Capacity Issues in the Formulation and Implementation of the Next Generation of Poverty Reduction Strategy Papers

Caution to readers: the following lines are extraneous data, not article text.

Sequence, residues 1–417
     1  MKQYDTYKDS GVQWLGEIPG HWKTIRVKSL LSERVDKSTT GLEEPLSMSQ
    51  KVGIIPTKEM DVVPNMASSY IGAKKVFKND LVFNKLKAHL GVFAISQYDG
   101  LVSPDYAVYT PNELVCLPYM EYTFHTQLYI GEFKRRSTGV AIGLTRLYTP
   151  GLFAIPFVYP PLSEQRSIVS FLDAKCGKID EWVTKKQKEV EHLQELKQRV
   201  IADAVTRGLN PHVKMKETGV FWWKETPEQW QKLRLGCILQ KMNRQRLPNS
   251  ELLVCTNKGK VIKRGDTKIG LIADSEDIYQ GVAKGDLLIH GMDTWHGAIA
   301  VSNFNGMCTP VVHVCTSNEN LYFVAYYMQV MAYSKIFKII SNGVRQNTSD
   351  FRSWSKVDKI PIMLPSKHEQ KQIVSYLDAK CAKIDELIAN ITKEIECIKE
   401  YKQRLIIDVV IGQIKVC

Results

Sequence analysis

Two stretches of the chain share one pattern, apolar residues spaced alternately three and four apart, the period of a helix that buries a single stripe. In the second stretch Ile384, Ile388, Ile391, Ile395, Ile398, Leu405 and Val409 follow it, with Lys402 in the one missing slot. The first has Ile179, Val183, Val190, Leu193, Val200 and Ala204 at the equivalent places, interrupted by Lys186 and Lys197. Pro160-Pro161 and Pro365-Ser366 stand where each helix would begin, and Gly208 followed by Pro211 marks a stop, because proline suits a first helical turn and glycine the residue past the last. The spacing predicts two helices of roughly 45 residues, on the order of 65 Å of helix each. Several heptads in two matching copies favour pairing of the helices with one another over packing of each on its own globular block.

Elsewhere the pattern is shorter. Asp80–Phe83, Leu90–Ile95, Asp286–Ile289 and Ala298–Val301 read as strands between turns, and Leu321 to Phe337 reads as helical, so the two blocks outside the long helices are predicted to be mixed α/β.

Although economic growth is widely acknowledged to be crucial for poverty reduction and for sustaining development, efforts aimed at tackling these challenges in Africa did not, for a long time, yield the desired results. The decade of the 1980s was thus deemed a lost decade for Africa despite the plethora of development initiatives and a sea-change in the policy landscape. In recent years, however, Africa’s growth performance has improved significantly, though shy of the 7 – 8 per cent required to halve poverty by 2015. With Africa’s low economic performance over the three decades to 2000, it is hardly surprising that it remains the poorest continent in the world. It was against this background that the Bretton Woods Institutions (World Bank and IMF) introduced the Poverty Reduction Strategy Paper (PRSP) in 1999 as the fundamental principle for both their loan policies and the extension of debt relief to heavily indebted poor countries (HIPCs). This study seeks to review the implementation of the firstgeneration PRSPs to distill and prioritise capacity issues that should be addressed in order to improve the formulation and implementation of the next generation of growth-oriented PRSPs. Four case studies have been selected for the inquiry — namely, Lesotho, Mali, Rwanda and Ghana — with occasional reference to some additional countries and the broader literature for further or sharper illustration.